What would it help me do if I was reading this and taking the assessment? What would I find out? Would it change what I do for a living? Would it change how I look at what I do for a living? What’s the outcome?
I always encourage people, even if they read the book, we also have an online course in Resonate in February 2021, to come in with a concrete thing about what you want to do. What are you up against in your leadership? What are you trying to do with your work now? What’s a challenge in your team or in your company? There’s a concrete thing to focus on and being able to work with yourself as an instrument. How can you become more integrated and whole in yourself? Settle down so you can focus correctly. How can you use the right energy at the right time? These energy patterns we were talking about? How can you get your ideas to resonate with others? Being able to read where people are, hit their vibration, and get on the same wavelength. We have it in our language, but I wanted people to appreciate this is not metaphorical.
We do get on the same wavelength with people when we connect with them and when we have a truly empathetic conversation with people. These are some of the applications we explore in the book. How you can strengthen your relationships? How you can build your team stronger, get into a more group synchronized state, or a flow state? How can you achieve your goals and ideas? How that challenge that you’re focused on now could come together better through how you connect with others or realize that goal? It all relates to building resonance. That’s the job of leadership. Leaders are always taking ideas, which is a form of energy into things that matter. In that process, we build ideas by getting little waves to build bigger. Helping people understand that principle so they can master it through themselves is the point of the book.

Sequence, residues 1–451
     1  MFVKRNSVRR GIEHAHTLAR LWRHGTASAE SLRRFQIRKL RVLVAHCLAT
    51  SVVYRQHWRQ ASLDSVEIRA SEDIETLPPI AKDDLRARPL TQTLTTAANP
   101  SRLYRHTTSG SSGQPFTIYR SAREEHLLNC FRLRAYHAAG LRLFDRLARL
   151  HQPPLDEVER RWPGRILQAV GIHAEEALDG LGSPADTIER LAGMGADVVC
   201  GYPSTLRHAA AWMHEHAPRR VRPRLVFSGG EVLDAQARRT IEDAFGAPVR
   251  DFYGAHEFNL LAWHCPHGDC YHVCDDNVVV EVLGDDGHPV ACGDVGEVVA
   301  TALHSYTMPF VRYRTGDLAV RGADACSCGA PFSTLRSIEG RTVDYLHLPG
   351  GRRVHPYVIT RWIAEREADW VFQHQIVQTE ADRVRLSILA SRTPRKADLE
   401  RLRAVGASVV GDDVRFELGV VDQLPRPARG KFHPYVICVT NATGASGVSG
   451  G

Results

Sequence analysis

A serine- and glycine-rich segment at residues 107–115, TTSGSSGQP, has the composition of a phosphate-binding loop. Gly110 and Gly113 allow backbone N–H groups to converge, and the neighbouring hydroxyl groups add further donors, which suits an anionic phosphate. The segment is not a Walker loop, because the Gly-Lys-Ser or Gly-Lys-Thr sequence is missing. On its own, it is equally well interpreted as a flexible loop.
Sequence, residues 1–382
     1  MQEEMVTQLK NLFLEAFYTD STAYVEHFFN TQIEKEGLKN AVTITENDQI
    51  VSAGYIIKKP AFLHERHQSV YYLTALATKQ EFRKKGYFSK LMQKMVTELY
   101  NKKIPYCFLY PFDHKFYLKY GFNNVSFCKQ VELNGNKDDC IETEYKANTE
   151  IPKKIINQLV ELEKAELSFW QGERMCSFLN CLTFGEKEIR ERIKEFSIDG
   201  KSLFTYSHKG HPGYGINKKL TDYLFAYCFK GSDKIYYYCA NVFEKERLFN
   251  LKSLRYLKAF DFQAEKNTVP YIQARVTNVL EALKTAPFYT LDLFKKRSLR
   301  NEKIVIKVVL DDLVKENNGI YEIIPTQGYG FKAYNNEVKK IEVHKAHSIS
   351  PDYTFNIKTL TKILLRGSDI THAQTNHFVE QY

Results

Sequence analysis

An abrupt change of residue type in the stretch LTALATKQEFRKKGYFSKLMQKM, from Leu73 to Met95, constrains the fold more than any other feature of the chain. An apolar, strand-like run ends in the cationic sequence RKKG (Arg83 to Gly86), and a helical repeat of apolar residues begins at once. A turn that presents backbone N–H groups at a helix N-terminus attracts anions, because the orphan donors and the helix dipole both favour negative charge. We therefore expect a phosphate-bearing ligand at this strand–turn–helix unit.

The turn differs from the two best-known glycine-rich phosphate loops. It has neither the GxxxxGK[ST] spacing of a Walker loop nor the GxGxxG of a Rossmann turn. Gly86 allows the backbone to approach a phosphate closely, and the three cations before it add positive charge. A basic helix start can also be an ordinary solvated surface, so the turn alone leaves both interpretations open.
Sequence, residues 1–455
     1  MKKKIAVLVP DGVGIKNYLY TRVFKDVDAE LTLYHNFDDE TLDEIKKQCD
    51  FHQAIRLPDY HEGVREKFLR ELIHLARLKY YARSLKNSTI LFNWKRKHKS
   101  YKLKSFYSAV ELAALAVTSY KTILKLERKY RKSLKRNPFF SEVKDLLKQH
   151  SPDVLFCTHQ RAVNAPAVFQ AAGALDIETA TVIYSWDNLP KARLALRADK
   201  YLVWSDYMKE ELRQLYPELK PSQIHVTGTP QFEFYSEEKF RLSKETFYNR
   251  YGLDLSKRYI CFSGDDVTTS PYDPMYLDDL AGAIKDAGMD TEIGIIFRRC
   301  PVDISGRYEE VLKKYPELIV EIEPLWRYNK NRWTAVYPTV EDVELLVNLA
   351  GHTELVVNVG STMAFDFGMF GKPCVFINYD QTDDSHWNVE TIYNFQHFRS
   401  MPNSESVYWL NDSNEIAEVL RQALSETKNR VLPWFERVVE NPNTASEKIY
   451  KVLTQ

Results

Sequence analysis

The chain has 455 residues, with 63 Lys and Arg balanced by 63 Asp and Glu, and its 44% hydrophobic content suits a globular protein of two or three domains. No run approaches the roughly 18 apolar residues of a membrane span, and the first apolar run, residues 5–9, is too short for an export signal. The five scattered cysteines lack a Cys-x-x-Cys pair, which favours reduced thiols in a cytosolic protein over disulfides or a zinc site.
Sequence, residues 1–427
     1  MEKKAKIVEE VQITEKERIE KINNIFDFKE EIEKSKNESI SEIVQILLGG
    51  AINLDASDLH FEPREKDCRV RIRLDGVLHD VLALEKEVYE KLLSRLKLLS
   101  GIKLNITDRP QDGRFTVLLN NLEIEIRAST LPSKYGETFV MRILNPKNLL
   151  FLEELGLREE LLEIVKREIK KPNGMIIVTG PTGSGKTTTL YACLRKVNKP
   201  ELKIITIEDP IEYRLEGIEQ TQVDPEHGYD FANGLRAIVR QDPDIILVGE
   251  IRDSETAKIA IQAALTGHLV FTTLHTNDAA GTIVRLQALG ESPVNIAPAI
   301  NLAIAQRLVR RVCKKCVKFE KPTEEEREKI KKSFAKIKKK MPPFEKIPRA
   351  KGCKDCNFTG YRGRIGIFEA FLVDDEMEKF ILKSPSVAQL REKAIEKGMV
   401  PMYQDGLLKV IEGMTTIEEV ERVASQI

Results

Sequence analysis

It’s a time when everybody’s trying to lead in unique ways because of the crisis situation. Everybody’s looking for different ways to improve. Trying to work virtually has been a challenge. Have you had people come to you and ask you how to do that and how does Resonate help with that?